Dainik Dinkal, the newspaper of Bangladesh’s main opposition party, was forced to close on Monday after its printing license was canceled in what the outlet’s managing editor, Shamsur Rahman Shimul Biswas, said were invalid grounds.
Dainik Dinkal suspended operations on February 20 after the Bangladesh Press Council, a quasi-judicial, government-funded body headed by a former High Court judge, rejected its appeal against a government shutdown order, Biswas told CPJ.
“The shutdown of Dainik Dinkal is a blatant attack on media freedom ahead of Bangladesh’s January 2024 national election,” said Carlos Martinez de la Serna, CPJ’s program director, in New York. “Closing a newspaper violates the democratic principles purportedly espoused by the Awami League-led government, and we call on the Bangladesh Press Council to review its order and uphold the free flow of information.”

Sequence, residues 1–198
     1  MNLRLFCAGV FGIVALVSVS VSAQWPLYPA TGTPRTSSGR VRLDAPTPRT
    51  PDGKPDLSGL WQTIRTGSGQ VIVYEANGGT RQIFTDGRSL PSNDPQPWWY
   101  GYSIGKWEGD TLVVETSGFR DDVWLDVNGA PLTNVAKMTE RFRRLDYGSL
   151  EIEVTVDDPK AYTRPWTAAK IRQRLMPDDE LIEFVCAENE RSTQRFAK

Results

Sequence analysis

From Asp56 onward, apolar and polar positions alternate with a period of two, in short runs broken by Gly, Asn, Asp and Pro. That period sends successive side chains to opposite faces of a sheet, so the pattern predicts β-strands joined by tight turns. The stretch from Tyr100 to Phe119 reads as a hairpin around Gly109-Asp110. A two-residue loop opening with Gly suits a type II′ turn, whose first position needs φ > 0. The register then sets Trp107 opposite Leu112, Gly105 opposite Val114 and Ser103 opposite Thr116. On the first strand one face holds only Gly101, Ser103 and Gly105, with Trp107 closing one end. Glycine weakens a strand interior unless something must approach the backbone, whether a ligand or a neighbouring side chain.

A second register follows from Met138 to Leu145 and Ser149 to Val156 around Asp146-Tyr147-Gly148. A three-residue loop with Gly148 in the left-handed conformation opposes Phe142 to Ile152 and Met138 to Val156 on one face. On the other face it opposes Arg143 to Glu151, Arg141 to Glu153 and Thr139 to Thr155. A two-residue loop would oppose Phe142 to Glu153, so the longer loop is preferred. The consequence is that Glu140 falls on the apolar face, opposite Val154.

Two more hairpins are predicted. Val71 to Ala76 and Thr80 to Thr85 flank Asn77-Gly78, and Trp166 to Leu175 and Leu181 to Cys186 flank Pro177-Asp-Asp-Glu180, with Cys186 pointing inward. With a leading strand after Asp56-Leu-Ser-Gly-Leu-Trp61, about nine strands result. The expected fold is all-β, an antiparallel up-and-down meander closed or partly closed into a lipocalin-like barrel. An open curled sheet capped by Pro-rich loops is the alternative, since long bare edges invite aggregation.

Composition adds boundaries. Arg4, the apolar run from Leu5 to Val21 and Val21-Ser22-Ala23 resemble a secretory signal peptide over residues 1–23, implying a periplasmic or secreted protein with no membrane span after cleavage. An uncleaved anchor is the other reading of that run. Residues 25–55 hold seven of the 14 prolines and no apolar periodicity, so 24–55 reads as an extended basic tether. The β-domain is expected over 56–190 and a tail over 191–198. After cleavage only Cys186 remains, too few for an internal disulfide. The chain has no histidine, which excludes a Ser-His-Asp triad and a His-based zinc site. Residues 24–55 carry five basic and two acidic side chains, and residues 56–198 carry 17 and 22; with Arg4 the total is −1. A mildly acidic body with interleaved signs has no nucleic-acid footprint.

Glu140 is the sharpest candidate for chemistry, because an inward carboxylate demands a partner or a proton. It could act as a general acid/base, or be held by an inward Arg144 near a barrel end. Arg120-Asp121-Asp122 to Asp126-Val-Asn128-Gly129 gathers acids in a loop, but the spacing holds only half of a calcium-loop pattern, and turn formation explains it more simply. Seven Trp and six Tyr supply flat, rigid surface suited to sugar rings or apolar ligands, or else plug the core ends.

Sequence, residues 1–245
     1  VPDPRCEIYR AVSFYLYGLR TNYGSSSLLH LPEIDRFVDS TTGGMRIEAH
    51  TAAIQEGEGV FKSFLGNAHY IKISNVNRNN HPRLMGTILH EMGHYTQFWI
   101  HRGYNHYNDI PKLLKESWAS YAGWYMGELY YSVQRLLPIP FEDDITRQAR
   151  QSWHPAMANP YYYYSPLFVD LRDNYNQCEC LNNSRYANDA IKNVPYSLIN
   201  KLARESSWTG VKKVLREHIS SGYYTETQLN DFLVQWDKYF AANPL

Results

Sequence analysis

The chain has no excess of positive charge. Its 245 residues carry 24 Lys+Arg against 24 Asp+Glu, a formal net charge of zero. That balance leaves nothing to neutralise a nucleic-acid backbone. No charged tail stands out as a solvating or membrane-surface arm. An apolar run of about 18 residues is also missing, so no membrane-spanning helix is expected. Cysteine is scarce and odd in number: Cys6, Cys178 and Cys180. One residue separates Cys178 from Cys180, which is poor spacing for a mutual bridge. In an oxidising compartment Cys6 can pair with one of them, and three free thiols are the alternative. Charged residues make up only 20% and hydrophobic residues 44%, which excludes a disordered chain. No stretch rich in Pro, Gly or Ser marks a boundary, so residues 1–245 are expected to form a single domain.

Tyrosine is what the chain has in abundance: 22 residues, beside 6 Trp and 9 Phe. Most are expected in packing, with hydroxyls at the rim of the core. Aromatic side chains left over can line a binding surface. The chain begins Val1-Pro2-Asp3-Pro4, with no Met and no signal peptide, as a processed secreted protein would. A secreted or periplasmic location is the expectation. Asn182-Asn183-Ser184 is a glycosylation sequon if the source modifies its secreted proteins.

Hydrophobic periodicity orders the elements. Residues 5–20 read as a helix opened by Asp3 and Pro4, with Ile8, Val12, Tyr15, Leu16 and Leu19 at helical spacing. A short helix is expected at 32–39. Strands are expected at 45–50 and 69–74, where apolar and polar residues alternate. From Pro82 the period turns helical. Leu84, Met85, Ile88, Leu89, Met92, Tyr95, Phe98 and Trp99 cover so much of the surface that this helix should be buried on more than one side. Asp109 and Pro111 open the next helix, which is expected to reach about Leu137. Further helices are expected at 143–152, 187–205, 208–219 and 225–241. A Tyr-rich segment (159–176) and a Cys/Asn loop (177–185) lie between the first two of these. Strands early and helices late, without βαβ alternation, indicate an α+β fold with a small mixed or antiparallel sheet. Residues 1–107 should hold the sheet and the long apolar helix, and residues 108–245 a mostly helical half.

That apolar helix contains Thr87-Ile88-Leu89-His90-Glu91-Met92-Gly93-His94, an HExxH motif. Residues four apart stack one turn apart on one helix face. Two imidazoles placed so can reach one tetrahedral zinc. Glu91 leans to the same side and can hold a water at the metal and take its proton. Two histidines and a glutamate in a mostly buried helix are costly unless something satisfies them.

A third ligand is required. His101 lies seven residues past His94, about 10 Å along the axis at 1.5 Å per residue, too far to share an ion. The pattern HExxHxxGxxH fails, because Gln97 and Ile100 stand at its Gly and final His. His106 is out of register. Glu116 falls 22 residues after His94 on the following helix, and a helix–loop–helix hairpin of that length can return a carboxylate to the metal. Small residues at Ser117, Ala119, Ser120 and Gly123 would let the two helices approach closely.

The district administration in the capital, Dhaka, accused Dainik Dinkal on December 26 of violating local law on grounds that its publisher was a convicted criminal, but the publisher named in the order resigned the post in 2016, Biswas said.
Biswas told CPJ that the newspaper had filed documentation before the Press Council’s ruling that Tarique Rahman, acting chair of the opposition Bangladesh Nationalist Party (BNP), was no longer Dainik Dinkal’s publisher. Rahman has been convicted of several criminal and money laundering charges, and lives overseas.
Dainik Dinkal covers BNP activities and has frequently criticized the ruling Awami League party, including the arrests of BNP politicians and supporters in what rights groups have characterized as a crackdown ahead of elections next year. Prime Minister Sheikh Hasina has said the polls will be “fair and free.”
CPJ emailed Mohammad Mominur Rahman, the Dhaka deputy commissioner who filed the government order, and Mohammed Nizamul Huq Nasim, head of the Bangladesh Press Council and its three-member appeal board, but did not receive any replies.